Meanwhile, ozeki Takayasu continues to look strong and confident. Over the past two days he’s easily defeated a pair of rikishi that normally give him great problems—first Myogiryu and then M1 Hokutofuji. Today he’s got an easier task against M3 Nishikigi. Also looking good was sekiwake Mitakeumi, who beat Nishikigi with very little difficulty. Given how the first three days of the basho have gone, Takayasu and Mitakeumi seem to be the rikishi to watch. 

Matches of particular interest today include:

M9 Kotoshogiku (2–1) vs. M10 Sadanoumi (3–0)—Since there are only four undefeated rikishi atop the leaderboard, let’s have a look at them all today. Sadanoumi is doing well so far, but former-ozeki Kotoshogiku is the toughest opponent he’s faced by far.  (4:15)
Sekiwake Mitakeumi (2–1) vs. M1 Myogiryu (1–2)
—A good, scrappy match between two very good rikishi. (9:45)
Komusubi Takakeisho (3–0) vs. M4 Shodai (2–1)—Takakeisho is on a real tear this basho, having notched wins against a yokozuna and an ozeki in the first few days. Shodai isn’t nearly as high ranked, but he is a very dangerous rikishi. Should be a good match.  (9:00)
M3 Nishikigi (0–3) vs. ozeki Takayasu (3–0)—Takayasu has been fighting like a man with a destiny. Today is the first time he gets a relatively easy match. The big question is whether he will keep his focus or let himself have a mental day off. (12:30)
Yokozuna Kisenosato (0–3) vs. M2 Tochiozan (3–0)—The big match of the day. Kisenosato needs to get his yokozuna groove back or this is going to be a historically bad tournament, and possibly one that will end his career. Meanwhile, Tochiozan has looked terrific ths basho, already having beaten an ozeki and two sekiwake. (13:45)

DINOvember: Triceratopses

This started as a doodle of the mama … but clearly the finished piece is all about the baby!

SUMO: 2018 Kyushu Basho (Day 3)

We’re only at Day 3 of the Kyushu Basho and already only TWO of the sanyaku rikishi are undefeated—ozeki Takayasu and komusubi Takakeisho. And Takakeisho has beaten a yokozuna and ozeki in those two matches! That’s a pretty good sign that this is going to be a wildly unpredictable tournament, which means a lot of fun and excitement for us, the fans.

Yokozuna Kisenosato is in just his second tournament back after having missed eight in a row. His goal is to show that he’s healthy and an effective yokozuna (the injury that knocked him out for so long happened just after his promotion, so while he had a long and dominant reign as an ozeki, he has yet to really strut his stuff as a yokozuna). But he lost again on Monday, this time to M1 Myogiryu, meaning that not only is he 0–2 but he also gave up a kinboshi [gold star award for rank-and-filers who beat a yokozuna]. This is NOT how a yokozuna is supposed to perform. If he loses again today, or gets to 4 losses before Week 2 begins, I predict that he’ll pull out and join the other yokozuna as kyujo [absent due to injury] . . . which would open up the yusho [tournament championship] race even further!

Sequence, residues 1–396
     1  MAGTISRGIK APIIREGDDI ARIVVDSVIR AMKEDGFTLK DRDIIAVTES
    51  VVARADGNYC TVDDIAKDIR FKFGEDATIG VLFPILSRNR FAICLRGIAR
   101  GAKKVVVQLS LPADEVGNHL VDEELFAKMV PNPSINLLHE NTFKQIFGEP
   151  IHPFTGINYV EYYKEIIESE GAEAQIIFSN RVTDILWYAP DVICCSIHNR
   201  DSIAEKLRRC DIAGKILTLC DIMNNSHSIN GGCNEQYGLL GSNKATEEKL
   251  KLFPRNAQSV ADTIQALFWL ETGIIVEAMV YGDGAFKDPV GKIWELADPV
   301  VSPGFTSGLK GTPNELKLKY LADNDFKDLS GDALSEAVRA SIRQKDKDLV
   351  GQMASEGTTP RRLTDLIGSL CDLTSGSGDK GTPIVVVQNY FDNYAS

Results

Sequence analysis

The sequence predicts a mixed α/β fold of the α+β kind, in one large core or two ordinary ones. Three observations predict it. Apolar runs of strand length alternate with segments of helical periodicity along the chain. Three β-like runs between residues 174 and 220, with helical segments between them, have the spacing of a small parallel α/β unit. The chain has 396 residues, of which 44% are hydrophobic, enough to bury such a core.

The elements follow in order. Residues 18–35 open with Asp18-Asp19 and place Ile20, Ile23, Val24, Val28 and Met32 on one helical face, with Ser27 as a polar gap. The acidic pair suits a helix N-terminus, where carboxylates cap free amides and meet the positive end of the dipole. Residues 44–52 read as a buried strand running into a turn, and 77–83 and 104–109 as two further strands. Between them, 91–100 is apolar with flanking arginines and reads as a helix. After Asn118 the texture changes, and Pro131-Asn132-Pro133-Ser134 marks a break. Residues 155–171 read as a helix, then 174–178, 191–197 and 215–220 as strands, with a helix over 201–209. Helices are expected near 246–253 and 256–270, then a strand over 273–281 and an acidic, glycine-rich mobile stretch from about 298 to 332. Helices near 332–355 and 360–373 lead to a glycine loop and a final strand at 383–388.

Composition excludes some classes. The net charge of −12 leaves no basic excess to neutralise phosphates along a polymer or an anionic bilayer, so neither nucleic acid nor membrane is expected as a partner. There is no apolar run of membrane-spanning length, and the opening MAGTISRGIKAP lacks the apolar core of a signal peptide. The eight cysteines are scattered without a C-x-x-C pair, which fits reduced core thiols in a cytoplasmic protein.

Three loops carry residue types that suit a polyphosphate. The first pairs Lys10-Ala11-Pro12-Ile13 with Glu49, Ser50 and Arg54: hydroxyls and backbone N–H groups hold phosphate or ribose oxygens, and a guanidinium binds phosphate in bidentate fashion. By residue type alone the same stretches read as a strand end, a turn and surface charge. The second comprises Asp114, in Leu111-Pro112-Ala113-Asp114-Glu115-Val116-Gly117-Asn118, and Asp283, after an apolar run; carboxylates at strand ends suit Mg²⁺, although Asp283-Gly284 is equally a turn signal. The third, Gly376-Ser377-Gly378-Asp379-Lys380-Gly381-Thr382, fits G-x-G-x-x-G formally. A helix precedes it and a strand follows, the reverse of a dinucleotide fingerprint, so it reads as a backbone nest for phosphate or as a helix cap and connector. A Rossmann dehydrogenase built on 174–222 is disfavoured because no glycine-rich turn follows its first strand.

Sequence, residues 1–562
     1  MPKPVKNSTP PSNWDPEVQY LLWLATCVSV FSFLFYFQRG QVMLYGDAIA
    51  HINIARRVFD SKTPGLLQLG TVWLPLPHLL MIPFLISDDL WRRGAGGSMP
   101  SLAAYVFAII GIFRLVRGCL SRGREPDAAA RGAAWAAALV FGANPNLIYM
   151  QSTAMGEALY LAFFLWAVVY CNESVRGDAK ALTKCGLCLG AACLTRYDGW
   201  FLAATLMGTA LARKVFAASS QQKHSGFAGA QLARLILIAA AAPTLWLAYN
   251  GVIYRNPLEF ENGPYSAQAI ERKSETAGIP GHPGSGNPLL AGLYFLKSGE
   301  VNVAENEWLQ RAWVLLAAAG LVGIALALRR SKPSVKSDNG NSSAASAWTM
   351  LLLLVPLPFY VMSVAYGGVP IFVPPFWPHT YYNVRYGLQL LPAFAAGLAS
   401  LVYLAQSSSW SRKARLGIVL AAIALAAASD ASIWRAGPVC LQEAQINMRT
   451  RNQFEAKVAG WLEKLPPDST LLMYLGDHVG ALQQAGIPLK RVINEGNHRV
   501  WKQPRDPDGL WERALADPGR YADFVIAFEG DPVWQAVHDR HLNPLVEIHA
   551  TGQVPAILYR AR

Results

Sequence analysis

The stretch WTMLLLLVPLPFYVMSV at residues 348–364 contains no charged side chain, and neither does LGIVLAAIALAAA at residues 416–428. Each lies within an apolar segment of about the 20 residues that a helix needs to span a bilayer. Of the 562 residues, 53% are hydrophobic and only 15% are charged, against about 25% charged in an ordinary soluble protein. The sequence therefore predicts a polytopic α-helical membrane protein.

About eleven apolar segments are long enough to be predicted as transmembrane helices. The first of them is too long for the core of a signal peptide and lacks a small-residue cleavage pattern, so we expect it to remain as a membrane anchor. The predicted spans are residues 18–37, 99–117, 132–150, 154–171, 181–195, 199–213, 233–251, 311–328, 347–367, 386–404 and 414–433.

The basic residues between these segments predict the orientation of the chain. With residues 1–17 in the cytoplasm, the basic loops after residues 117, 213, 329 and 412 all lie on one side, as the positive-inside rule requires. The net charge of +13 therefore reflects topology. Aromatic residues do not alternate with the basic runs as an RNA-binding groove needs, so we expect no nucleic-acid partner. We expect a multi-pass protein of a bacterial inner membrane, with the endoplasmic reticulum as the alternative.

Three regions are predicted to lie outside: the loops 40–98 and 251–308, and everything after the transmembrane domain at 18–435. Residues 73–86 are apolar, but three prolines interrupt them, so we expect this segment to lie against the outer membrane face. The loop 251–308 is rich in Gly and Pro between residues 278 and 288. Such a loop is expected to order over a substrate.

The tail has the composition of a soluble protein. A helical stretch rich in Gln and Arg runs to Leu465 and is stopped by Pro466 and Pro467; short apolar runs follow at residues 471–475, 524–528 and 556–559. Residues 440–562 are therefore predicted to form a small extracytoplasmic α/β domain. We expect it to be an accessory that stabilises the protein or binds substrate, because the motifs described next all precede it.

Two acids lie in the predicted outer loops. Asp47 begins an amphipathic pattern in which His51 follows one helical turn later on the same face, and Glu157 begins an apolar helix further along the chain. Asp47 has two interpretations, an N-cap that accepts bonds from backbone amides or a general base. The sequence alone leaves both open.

Ozeki Goeido lost on Day 2, getting slapped to the ground by komusubi Takakeisho. It’s hard to say that Takakeisho is actually doing dominant sumo. In point of fact, he’s doing energetic but wild, uncontrolled sumo. It’s just that neither Goeido nor Kisenosato were motivated to step in and take control of their matches. Both of the upper-rankers were content to sit back and fight defensively, waiting for Takakeisho to make a mistake or get tired. In both cases, he connected with a flailing arm that knocked his opponents off their feet. I don’t think there’s any way he can keep that up all tournament and, in fact, I expect that his next high-ranked opponents will make a point of stepping in, grabbing the mawashi [belt], and putting the little spark plug in his place. Luckily for Takakeisho, he faces M3 Ryuden today.